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There are 37.9 million people living with HIV. 79% know they are HIV-positive. The rest do not. Three out of five people living with HIV are on antiretroviral therapy. Only 53% of people living with HIV have undetectable levels of the virus.
Keywords: HIV, PLHIV, treatment, testing
Girls and women make up more than half of the 37.9 million people living with HIV. Ending AIDS by 2030 requires that we address girls’ and women’s diverse roles by putting them at the centre of the response.
States have a moral and legal obligation—under the Universal Declaration of Human Rights, human rights treaties, the 2030 Agenda for Sustainable Development and other international obligations—to remove discriminatory laws and to enact laws that protect people from discrimination.
The Global Fund is partnering with governments, medical experts, advocates, civil society and communities affected by HIV, TB and malaria to fight the three diseases and build resilient and sustainable systems for health. As of May 2019, the Global Fund partnership has invested a total of US$366 million in 14 island countries in the Pacific region.
Keywords: HIV, TB, treatment, investment, women, girls
India is a strategic partner of the Global Fund, both as an implementer and a donor. The government of India has shown great leadership in improving the health needs of its citizens and fighting infectious diseases, especially tuberculosis. India has ambitious goals for all three diseases, including ending TB by 2025 – five years ahead of the Sustainable Development Goals. Since 2002, the Global Fund has disbursed US$2.1 billion in programs to fight HIV, TB and malaria and strengthen health systems in India.
Robust health systems are not only essential to ending HIV, TB and malaria as epidemics, they yield broader health outcomes, delivering health services in a sustainable, equitable and effective way. Resilient and sustainable systems for health are necessary for accelerating progress toward universal health coverage, and help countries prepare for emerging threats to global health security.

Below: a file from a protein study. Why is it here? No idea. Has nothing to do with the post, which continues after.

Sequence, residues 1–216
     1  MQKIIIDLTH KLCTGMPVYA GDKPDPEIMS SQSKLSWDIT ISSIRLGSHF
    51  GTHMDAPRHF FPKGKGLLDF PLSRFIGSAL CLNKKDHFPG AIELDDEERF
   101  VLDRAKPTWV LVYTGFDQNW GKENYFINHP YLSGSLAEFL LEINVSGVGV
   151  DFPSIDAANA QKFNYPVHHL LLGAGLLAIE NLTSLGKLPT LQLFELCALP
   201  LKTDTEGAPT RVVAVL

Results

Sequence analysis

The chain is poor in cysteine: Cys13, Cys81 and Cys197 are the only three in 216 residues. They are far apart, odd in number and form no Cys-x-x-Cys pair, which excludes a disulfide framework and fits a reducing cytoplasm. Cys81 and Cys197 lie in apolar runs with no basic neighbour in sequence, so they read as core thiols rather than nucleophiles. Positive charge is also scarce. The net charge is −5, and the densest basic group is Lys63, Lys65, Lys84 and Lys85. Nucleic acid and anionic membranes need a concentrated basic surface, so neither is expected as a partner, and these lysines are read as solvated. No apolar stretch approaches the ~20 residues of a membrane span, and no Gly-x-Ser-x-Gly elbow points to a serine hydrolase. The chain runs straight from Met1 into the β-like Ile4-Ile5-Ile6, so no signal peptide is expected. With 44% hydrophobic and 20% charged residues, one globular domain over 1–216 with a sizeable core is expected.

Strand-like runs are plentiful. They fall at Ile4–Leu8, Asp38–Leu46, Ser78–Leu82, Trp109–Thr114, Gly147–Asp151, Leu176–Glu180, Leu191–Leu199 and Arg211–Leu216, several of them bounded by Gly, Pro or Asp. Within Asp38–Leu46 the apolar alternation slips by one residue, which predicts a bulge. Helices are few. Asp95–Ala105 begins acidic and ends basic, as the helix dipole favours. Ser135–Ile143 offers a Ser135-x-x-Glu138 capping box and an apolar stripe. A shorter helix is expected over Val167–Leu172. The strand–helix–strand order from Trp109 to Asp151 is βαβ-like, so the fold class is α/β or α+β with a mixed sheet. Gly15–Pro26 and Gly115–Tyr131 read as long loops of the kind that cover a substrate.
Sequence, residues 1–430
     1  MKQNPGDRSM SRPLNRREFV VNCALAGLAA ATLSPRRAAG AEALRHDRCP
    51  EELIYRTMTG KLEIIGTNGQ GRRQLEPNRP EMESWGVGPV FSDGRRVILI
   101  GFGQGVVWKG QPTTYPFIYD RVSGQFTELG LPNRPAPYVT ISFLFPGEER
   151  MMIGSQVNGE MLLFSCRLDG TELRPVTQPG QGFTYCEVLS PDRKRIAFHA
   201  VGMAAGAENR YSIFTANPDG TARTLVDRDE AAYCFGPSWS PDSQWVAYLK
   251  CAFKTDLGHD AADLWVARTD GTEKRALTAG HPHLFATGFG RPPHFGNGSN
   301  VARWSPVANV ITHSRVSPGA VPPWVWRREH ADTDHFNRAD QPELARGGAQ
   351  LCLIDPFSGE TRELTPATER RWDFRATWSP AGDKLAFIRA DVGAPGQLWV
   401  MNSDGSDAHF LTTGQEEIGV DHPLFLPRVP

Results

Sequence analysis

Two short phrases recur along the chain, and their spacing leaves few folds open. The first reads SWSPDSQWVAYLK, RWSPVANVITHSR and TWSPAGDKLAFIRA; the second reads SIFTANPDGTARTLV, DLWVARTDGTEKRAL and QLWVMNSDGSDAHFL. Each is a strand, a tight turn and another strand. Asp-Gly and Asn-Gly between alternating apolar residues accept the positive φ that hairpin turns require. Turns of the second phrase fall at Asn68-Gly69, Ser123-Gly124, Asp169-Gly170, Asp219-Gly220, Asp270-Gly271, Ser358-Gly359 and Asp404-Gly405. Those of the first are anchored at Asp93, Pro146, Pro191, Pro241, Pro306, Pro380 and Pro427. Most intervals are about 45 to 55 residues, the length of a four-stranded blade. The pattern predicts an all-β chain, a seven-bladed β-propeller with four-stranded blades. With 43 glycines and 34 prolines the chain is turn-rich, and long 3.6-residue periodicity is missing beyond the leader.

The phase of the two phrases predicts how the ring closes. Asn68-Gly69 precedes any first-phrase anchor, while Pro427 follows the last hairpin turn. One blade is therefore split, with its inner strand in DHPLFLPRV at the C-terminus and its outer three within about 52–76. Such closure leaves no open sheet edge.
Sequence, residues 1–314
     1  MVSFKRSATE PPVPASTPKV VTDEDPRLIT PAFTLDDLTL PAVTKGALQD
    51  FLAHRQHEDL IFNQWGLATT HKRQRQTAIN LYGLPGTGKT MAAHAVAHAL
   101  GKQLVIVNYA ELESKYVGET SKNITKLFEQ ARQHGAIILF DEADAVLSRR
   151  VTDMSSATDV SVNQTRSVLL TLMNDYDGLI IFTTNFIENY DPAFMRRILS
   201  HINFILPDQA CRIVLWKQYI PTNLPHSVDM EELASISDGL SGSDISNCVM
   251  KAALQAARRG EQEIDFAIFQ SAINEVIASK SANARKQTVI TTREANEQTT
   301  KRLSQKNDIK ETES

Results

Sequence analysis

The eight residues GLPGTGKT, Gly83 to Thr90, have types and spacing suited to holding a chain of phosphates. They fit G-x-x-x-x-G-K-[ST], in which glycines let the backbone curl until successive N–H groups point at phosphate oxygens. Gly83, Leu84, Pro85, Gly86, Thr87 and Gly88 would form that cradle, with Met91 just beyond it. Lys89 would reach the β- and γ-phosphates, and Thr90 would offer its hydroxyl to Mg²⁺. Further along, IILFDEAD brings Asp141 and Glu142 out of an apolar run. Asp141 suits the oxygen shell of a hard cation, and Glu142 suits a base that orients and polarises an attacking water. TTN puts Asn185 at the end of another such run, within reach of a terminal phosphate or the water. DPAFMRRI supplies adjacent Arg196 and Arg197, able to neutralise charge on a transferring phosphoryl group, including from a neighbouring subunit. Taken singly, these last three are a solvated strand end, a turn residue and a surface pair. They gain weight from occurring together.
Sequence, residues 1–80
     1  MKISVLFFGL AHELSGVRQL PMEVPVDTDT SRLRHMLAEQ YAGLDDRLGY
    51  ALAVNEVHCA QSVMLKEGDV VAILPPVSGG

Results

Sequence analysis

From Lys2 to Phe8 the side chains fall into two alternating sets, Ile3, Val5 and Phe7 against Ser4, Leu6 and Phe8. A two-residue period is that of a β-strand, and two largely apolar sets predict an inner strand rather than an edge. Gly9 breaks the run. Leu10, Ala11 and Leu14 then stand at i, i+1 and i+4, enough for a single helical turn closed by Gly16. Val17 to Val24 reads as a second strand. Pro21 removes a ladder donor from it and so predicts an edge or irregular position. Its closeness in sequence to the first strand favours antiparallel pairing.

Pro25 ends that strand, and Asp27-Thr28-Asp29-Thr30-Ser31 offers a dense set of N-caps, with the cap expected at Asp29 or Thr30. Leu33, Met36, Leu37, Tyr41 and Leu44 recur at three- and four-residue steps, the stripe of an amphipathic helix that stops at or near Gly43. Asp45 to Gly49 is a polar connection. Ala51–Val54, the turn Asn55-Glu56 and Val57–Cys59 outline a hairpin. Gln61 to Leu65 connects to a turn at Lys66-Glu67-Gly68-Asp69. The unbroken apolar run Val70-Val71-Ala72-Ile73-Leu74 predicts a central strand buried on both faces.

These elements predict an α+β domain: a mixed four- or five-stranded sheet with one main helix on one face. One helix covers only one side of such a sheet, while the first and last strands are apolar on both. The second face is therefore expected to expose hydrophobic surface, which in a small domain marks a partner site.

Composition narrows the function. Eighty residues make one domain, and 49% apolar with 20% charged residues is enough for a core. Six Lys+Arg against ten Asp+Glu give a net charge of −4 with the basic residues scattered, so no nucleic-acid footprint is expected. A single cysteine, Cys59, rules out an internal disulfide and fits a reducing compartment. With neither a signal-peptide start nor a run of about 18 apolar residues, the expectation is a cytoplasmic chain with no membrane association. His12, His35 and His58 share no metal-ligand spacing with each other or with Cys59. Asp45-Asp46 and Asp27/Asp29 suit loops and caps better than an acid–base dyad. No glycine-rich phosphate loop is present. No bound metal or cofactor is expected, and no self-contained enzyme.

Keywords: HIV, TB, UHC, investment, community
Microbes do not stop at national borders, so an infectious disease threat anywhere is a threat everywhere. Making our world safer from epidemics means strengthening the capacity of countries to prevent, detect and respond effectively to current and emerging health threats.
Drug-resistant TB is part of the growing challenge of antimicrobial-resistant superbugs that do not respond to existing medications, resulting in fewer treatment options and increasing mortality rates for illnesses that would ordinarily be curable – including TB. Global development partners must move faster to contain this threat of antimicrobial resistance (AMR) before it escalates to claim millions of lives around the world.
Community voices and leadership in governance, implementation and oversight of Global Fund-supported programs is essential to achieving lasting impact.
Lessons from the Ebola response and the transition to the Sustainable Development Goals, with the specific target of achieving universal health coverage, have spurred the Global Fund to reflect on how people access health services and how countries respond to health crises. Rethinking our approaches to building resilient and sustainable systems for health will be essential in order to maximize equitable access and impact on HIV, TB and malaria.
Men who have sex with men (MSM) has continued to account for a significant proportion of newly acquired HIV infections in Hong Kong. To keep on tracking the epidemic and inform intervention, MSM population has been included as one of the five major at-risk populations in the HIV/AIDS Response Indicator Survey (HARiS).